Sunday, November 09, 2008
News From BOM Correspondents - 8
This week's news and links:
Simple Shopper litter bins
Over at Zen Mischief Keith Marshall blogs news that the London Underground is to be equipped with "bomb-proof" litter bins. At an eye-watering cost of £30 grand apiece.
FSA to regulate City Sandwich bars
Despite its catastrophic failure in regulating Britain's banks at the corporate level, the FSA is now proposing extending its work to cover "everyday" High Street banking.
BOM correspondent JW sees vast new opportunities to expand the FSA empire beyond even the chunky growth Lord Turner already plans:
"I am sure we can find other useful extensions of FSA power, like sandwich bars (expose city workers to risk of food poisoning leading to collapse of financial institutions through loss of key personnel); shoe resolers (accident on Docklands express catapulting thousands down escalators, mashed bankers leading to collapse of financial institutions through etc."
And note too that despite their manifest and hideously expensive failure, Turner has pledged to pay FSA staff their bonuses.
BERR grabs the internet
As we know, Big Government hates the freedom of the internet, and would like nothing better than to bring it under state control.
Now, Dave draws our attention to BERR/DTI's new plan to take over Nominet, which is the independent company in charge of the .co.uk registry. According to Reg:
"In a letter dated October 15, senior civil servant David Hendon, BERR's Director of Business Relations, asked Nominet chairman Bob Gilbert: "What arguments would you employ to convince my Ministers that the present relationship between government and the company is appropriate in ensuring that public policy objectives in relation to the management of the domain name system and the standing of the UK in the internet community are understood and taken into account?"
It is a naked power grab by the Ministry of Mandy.
Worst Procurement Project Ever Award
BOM readers are all too familiar with the MOD's appalling record in defence procurement. The latest fiasco concerns the £16bn contract for the Future Rapid Effects System (Fres), a medium-weight armoured vehicle set to replace a myriad different vehicles currently operated by the army.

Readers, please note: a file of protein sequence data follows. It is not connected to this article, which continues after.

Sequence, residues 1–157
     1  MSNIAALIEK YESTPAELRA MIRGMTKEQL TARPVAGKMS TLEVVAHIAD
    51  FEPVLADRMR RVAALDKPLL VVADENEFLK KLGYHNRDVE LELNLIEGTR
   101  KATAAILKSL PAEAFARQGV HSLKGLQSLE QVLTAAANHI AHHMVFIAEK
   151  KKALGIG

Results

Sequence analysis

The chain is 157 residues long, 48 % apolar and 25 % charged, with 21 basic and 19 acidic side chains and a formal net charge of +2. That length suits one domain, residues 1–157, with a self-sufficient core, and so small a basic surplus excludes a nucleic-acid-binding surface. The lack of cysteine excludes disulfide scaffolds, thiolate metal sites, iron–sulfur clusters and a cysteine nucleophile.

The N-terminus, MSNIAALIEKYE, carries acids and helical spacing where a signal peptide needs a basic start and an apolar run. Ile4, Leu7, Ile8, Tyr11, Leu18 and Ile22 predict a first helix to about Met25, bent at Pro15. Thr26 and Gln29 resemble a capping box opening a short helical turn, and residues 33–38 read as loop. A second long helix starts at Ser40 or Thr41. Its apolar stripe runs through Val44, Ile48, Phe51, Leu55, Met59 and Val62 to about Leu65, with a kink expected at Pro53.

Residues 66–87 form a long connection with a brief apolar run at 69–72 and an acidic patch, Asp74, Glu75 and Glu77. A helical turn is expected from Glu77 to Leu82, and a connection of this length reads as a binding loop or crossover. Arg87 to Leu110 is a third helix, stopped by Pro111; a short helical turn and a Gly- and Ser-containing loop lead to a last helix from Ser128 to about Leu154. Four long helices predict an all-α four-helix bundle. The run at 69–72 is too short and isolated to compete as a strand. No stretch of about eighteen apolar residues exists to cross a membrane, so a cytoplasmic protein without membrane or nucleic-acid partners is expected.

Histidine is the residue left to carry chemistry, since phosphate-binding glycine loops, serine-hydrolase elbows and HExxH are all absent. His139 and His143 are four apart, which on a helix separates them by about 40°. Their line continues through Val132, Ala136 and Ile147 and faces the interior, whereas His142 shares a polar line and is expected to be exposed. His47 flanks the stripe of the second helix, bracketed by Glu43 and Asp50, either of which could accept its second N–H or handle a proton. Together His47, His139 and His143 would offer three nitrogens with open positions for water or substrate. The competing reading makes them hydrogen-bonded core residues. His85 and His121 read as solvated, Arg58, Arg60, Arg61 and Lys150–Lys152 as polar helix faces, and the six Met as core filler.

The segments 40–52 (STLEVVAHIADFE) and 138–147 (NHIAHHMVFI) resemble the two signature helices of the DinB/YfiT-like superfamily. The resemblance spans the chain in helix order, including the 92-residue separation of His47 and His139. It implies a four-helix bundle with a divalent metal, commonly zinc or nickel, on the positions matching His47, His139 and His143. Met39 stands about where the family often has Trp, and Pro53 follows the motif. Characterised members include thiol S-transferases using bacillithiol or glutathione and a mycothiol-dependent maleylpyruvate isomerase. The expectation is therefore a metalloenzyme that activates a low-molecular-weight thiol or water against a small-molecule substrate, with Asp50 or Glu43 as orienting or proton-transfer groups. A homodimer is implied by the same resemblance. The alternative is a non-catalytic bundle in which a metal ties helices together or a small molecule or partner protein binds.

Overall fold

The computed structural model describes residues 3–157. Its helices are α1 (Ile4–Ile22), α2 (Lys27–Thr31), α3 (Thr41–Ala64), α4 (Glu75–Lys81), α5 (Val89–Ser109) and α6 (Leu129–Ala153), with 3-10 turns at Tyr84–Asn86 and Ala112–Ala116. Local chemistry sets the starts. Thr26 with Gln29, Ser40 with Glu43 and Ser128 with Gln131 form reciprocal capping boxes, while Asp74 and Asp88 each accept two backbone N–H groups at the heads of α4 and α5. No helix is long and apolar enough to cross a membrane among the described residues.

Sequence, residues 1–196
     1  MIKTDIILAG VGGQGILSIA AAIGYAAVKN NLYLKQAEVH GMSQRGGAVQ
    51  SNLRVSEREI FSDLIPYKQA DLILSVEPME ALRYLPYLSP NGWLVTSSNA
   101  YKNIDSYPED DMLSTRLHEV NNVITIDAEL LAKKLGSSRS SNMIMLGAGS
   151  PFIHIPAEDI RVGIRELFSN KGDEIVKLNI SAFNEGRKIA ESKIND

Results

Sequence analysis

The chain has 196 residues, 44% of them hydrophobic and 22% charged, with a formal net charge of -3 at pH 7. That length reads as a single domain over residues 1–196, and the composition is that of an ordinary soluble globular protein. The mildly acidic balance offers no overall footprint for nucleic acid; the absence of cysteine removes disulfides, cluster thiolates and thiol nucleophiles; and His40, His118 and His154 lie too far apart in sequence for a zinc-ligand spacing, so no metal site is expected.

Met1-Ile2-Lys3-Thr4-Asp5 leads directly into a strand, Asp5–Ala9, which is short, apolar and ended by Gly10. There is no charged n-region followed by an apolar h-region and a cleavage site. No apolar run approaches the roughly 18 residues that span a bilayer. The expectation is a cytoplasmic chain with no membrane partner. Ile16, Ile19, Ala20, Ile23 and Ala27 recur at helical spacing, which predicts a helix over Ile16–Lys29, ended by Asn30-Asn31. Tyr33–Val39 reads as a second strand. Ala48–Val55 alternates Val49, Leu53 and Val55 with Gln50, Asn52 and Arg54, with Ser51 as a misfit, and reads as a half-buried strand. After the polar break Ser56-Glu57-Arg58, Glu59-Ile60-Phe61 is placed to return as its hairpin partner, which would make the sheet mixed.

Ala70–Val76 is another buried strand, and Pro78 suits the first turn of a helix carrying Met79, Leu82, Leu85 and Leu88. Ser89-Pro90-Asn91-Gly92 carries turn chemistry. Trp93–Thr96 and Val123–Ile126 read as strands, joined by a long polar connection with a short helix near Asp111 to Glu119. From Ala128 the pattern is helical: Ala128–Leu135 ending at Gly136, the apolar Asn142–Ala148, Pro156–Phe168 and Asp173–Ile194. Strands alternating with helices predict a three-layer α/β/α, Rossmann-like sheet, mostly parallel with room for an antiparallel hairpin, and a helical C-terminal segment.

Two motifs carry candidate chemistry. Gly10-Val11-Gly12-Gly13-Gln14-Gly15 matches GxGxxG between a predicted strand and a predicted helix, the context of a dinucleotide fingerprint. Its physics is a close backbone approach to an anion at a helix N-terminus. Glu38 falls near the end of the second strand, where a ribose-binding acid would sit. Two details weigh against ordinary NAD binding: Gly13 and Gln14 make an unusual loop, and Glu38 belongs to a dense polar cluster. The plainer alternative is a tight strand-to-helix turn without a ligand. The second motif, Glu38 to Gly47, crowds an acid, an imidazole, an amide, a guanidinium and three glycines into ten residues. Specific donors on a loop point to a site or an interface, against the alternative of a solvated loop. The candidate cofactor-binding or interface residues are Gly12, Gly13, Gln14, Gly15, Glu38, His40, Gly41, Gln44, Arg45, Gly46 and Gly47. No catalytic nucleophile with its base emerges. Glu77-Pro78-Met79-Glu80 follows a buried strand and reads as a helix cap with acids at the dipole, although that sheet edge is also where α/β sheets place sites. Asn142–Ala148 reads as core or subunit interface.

Despite a clear and desperate operational need for speed, the whole project has been stymied by MOD indecision. One source told the FT: “The entire procurement strategy has been bonkers.” Another said “This has been the worst procurement programme ever."
But that can't be right. We know for a fact that the title "Worst Procurement Programme Ever" was officially awarded by PAC Chairman Leigh to the Chinook fiasco (£0.5bn on 8 unflyable choppers currently sitting in a shed in Wiltshire).
You can't have two Worst Ever Procurement Projects. Is this yet another example of MOD indecision? (HTP JW)
£20m on police propaganda
As we know, the key element in Labour's criminal justice strategy is to persuade us that crime mainly exists in our own heads. And they run an extensive propaganda campaign to help with that persuading.
Now we learn that the Home Office has spent £20.3m on TV advertising over the past five years, and that excludes fees, VAT and production costs. It is a gross misuse of taxpayers' cash.
PS On the subject of the FSA, at least we can rest easy knowing they've got a firm grip on money laundering. Last week, ahead of the rate cuts, Tyler switched some cash from a variable rate building society account to a fixed rate. And as per - even though he has been a customer of said BS for 20 years, and even though this was simply switching some cash within the same BS - he had to present his passport for photocopy and docketing "to comply with anti-money laundering regulations". What a fabulously useless bit of box-ticking.